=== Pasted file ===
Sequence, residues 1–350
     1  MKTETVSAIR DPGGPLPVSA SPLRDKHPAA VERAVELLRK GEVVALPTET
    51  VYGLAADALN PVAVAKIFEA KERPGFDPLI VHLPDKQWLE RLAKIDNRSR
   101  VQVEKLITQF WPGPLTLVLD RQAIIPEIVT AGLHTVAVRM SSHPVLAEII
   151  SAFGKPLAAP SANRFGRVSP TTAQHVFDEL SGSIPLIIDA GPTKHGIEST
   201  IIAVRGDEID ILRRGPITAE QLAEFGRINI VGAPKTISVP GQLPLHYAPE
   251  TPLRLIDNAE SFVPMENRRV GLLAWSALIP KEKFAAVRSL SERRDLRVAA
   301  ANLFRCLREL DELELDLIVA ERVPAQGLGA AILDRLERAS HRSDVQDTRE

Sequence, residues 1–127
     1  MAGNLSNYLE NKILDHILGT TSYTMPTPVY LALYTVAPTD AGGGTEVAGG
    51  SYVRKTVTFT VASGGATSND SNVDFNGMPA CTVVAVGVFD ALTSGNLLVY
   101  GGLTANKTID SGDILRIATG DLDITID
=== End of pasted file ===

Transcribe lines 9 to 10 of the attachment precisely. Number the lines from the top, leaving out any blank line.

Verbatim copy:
Sequence, residues 1–127
     1  MAGNLSNYLE NKILDHILGT TSYTMPTPVY LALYTVAPTD AGGGTEVAGG